5 fabulous, fool-proof ways to feel happier- based on science- part 4

In the last three articles, I explored how vital happiness is for your health and success, accounting for an average difference of an extra 10 years of longevity between those with high and low levels of happiness (Diener E. & Chan M.Y., 2011)

We looked at the first 3 tips:

Tip 1 increase your sense of gratitude by using the ‘3 good things’ strategy. (see here for details)

Tip 2 explored how incredibly important exercise is for happiness as well as health. (see here for details)

Tip 3 focused on the importance of fulfilling relationships on your happiness and health. (see here for details)

Tip 4 considers the importance of how we respond to events and the science of threat and challenge.

I’ve often been asked this intriguing question:

‘If long periods of stress are bad for you (and they are), producing loads of adrenaline (which they do), then how come when I ride rollercoasters and get that rush of adrenaline all day at the amusement park, I feel fine and don’t’ get ill?’

In the 60s Lazarus and Folkman developed their Transactional Theory of Stress and Coping (TTCS)(Lazarus, 1966) in a

n attempt to explain how stress works, and especially to answer the question central to our rollercoaster inquiry, ‘why do different people respond to the same events in very different ways?’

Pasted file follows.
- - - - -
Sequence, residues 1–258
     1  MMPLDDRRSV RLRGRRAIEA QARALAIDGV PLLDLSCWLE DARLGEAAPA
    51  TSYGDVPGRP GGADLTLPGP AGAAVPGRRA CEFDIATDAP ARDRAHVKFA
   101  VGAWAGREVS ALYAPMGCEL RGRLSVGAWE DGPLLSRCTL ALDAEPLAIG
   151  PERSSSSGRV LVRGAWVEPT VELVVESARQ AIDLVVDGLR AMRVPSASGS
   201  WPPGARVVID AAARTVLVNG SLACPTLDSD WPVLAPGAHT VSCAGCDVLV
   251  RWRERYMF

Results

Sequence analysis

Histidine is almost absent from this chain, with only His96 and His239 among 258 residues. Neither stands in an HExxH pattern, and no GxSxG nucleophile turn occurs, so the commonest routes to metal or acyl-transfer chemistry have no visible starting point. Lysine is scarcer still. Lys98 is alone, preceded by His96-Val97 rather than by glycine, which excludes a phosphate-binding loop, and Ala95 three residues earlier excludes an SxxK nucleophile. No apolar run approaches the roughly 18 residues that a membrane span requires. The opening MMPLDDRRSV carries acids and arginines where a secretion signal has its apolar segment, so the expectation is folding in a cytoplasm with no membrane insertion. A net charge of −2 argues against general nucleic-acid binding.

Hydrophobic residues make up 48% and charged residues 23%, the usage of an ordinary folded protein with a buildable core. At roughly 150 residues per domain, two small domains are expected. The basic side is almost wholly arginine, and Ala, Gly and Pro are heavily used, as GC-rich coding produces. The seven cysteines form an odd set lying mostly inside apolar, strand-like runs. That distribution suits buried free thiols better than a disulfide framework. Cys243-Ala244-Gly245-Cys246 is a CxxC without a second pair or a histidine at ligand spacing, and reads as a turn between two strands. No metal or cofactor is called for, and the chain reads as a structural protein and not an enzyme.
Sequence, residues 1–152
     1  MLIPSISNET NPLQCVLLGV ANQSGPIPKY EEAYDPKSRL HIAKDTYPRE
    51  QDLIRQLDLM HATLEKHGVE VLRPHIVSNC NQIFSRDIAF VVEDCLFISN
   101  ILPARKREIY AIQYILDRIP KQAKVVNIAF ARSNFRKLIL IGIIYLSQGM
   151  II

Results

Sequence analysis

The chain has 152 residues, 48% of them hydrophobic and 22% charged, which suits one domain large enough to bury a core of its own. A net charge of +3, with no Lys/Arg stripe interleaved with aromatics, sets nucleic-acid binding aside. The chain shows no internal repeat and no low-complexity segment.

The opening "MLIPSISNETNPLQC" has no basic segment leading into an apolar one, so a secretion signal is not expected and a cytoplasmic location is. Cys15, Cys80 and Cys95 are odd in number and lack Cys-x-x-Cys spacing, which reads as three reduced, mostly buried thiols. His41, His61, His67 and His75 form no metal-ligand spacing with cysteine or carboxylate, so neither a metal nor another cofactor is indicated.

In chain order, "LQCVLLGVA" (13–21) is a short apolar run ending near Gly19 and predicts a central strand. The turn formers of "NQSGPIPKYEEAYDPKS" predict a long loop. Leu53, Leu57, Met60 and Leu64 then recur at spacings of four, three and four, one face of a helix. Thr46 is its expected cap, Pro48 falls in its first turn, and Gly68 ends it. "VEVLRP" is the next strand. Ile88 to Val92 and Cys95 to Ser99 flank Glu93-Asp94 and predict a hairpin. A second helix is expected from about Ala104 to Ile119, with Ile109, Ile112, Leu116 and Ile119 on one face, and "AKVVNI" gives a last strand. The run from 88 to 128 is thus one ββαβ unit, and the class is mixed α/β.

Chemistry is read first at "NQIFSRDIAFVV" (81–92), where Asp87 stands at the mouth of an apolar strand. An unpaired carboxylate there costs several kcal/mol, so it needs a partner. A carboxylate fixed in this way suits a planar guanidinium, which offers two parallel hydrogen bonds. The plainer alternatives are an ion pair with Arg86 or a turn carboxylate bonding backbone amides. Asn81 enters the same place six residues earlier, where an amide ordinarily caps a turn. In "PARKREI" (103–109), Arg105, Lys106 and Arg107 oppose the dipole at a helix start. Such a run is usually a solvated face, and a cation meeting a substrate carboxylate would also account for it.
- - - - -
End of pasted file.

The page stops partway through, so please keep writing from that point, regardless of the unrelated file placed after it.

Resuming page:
They suggested that stress is the result of the interaction between the person and their environment and broke the process of perceiving something as stressful into 3 stages.

1: Primary appraisal

The stage involves a judgement about the event/situation- is it seen as

  1. a) positive
  2. b) irrelevant
  3. c) potentially dangerous.

Judging it to be a) and b) allows us to feel that everything is ok, but if we think it c)- potentially dangerous we head towards a stress response.

2: Secondary assessment

This stage assesses if we have the appropriate resources to deal with the situation. If new feel we don’t then a stress reaction is triggered by our brain.

3: Reassessment

This stage considers the success of the coping strategy we have taken on to deal with the situation. This allows us to learn from the experience, fine-tune our response or sometimes become even more stressed if we feel that things haven’t improved or have worsened

Threat and challenge

Linked to these assessments is the concept of threat and challenge.

If an experience or situation is identified in stage 1 as requiring some response from us and we feel we have the resources we need to deal with it (see stage 2), then it is seen as a challenge. If we feel we don’t have the appropriate skills or resources to deal with the situation, then the body responds as if it is a threat. And there are some interesting studies that identify our bodies physiological response is quite different to these two ways of interpreting the event.

With ‘Challenge’ our heart rate increases but our blood vessels dilate, opening up and allowing more blood to flow to the brain and muscles. There’s a small burst of cortisol and adrenaline that drop back to normal quickly. This results in improved focus, energy and coordination.